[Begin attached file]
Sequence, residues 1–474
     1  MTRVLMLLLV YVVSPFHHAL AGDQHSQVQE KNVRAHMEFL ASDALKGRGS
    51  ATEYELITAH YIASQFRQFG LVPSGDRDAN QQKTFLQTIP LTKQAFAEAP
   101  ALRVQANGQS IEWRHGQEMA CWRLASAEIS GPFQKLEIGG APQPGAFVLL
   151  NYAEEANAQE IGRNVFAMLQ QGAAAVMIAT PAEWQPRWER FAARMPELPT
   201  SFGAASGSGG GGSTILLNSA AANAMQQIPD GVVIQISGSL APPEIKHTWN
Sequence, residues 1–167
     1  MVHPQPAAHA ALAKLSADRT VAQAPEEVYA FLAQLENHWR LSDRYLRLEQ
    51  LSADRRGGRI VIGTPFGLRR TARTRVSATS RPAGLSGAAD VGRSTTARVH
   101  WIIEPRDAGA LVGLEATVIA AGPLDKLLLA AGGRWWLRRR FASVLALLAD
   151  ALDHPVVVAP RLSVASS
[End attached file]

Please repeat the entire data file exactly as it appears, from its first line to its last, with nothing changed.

Sequence, residues 1–474
     1  MTRVLMLLLV YVVSPFHHAL AGDQHSQVQE KNVRAHMEFL ASDALKGRGS
    51  ATEYELITAH YIASQFRQFG LVPSGDRDAN QQKTFLQTIP LTKQAFAEAP
   101  ALRVQANGQS IEWRHGQEMA CWRLASAEIS GPFQKLEIGG APQPGAFVLL
   151  NYAEEANAQE IGRNVFAMLQ QGAAAVMIAT PAEWQPRWER FAARMPELPT
   201  SFGAASGSGG GGSTILLNSA AANAMQQIPD GVVIQISGSL APPEIKHTWN
Sequence, residues 1–167
     1  MVHPQPAAHA ALAKLSADRT VAQAPEEVYA FLAQLENHWR LSDRYLRLEQ
    51  LSADRRGGRI VIGTPFGLRR TARTRVSATS RPAGLSGAAD VGRSTTARVH
   101  WIIEPRDAGA LVGLEATVIA AGPLDKLLLA AGGRWWLRRR FASVLALLAD
   151  ALDHPVVVAP RLSVASS